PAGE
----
What are the differences between Canada's French and France's French? Should I study a little bit of both? Are there some words or expressions from one that might not be understood by the other?



What are the differences between Canada's French and France's French?

Written and formal types of French are very similar. There are only a few cosmetic and vocabulary differences that do not prevent mutual comprehension.

Spoken French can be an issue. Colloquial conversations between French Canadians (see joual) might be unintelligible to France native speakers and sometimes subtitles are used in Quebec movies available in France. I suspect the opposite might be less of an issue because Canadian French-speakers have probably more exposure to French from France, its accents and expressions than the other way around.

On the other hand, I have never had any real issue understanding and being understood when meeting French Canadians, only occasional unexpected vocabulary, gender, familiarity (tu vs vous) and expressions issues that are quickly sorted out.

Should I study a little bit of both?

That's up to you.

Are there some words or expressions from one that might not be understood by the other?

Yes, probably a similar level of misunderstanding that would occur between US and UK English speakers.

  • De plus, combien de temps un(e) Français(e) faut-il passer à se familiariser avec les accents Québécois en s’y immergeant? – Yai0Phah Dec 29 '16 at 10:30
  • @FrankScience Il faudrait demander à quelqu'un qui a plus d'expérience que moi sur la question. Les différences d'accents et de grammaire sont probablement beaucoup plus rapides à assimiler que celles concernant le vocabulaire et les expressions spécifiques qui doivent être entendus pour être acquis. Le taux d'exposition et les capacités de mémorisation de la personne en question seront bien sûr aussi des facteurs importants. – jlliagre Dec 29 '16 at 11:06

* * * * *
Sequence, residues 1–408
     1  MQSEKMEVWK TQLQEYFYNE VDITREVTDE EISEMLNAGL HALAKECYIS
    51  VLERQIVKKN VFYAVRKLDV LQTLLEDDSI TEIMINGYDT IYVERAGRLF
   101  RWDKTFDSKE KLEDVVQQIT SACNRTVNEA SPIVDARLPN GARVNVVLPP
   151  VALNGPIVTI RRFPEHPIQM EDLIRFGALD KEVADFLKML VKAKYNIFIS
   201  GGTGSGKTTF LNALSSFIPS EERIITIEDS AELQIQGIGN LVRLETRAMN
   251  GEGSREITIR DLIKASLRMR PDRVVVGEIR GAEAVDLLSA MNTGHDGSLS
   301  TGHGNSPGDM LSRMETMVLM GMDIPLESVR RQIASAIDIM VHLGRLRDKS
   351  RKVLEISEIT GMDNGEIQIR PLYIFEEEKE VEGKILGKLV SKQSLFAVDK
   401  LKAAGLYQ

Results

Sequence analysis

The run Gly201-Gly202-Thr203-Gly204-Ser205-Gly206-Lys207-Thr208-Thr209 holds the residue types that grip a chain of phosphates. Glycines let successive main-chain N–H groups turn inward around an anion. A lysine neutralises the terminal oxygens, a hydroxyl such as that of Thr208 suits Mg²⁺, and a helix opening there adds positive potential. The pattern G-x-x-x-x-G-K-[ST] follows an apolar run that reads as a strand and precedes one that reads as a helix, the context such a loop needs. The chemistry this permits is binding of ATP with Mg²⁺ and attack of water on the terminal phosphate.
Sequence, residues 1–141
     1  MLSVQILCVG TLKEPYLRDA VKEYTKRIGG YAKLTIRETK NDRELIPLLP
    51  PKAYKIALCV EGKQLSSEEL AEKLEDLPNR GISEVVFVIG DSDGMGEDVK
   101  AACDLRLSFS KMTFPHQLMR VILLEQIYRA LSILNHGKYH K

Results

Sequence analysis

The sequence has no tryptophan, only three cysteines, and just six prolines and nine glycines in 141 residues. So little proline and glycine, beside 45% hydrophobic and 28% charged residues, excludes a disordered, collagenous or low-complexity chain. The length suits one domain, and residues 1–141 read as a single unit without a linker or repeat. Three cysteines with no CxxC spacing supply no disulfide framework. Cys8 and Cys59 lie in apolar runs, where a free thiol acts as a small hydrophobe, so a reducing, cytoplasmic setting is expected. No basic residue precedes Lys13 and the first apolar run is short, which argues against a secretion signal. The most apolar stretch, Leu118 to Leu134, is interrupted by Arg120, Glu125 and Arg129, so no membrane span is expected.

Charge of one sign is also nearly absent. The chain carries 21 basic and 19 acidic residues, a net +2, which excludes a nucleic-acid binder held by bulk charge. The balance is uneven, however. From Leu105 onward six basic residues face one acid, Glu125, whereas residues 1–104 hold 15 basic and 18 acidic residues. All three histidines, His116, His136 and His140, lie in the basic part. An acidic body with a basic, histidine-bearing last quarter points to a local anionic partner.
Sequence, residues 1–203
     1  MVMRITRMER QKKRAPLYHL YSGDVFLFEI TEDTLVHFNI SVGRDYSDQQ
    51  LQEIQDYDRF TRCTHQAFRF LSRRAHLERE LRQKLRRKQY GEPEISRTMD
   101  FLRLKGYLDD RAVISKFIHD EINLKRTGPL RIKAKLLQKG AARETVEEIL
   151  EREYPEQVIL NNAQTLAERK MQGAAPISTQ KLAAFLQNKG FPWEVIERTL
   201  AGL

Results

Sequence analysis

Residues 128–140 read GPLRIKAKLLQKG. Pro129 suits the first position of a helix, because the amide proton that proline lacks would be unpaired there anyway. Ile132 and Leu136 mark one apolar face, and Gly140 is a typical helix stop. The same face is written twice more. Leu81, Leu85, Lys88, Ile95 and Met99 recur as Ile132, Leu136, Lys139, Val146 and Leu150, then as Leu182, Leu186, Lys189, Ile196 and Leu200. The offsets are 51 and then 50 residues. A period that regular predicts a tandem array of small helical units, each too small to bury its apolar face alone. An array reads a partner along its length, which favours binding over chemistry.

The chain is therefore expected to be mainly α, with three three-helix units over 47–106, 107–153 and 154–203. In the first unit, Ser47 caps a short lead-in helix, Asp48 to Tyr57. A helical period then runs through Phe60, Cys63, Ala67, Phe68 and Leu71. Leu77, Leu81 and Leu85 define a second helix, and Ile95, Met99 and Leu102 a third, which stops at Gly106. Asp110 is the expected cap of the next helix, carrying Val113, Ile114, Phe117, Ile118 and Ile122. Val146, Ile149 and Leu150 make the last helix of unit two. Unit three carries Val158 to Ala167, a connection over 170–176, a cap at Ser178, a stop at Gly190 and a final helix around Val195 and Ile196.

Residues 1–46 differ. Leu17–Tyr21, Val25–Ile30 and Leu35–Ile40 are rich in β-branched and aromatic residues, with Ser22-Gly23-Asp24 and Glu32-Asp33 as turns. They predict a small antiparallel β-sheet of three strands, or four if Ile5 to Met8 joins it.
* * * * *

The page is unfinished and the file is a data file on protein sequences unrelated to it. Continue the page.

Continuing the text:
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    Il faut noter, comme l'indique le lien wikipédia, que le joual n'est qu'un des sociolectes parlés au Québec. Le joual n'est pas le language courant ou familier au Québec, mais il peut l'avoir influencé. Le joual est d'origine urbaine et toute difficulté associée aux variétés régionales y est peu ou pas reliée. Souvent on s'attarde à un parler hautement basilectal qu'on présente comme un standard et avec lequel on a certaines difficultés. Si on écoute René Lévesque il y a 50+ années, on serait fort étonné qu'on comprenne moins de 99% de ce qui est dit. Merci ! – user3177 Dec 31 '16 at 13:34
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    @Tunedéroberas. Oui, bien sûr, il n'existe pas un français du Canada pas plus qu'il n'existe un français de France, Belgique, etc. René Lévesque parle ici un français « standard » dénué de régionalisme et parfaitement compréhensible en France. Il fait cependant allusion au joual (ou à un joual) en parlant de broche à foin, ce qui prouve donc qu'il est « bilingue » et conscient de la pluralité des niveaux de langages au Québec. Une autre originalité de son discours vis à vis d'homme politiques français de 1962 et même contemporains est sa prononciation bien meilleure de l'anglais. – jlliagre Dec 31 '16 at 16:01
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    Une autre bonne observation ! :) – user3177 Dec 31 '16 at 16:17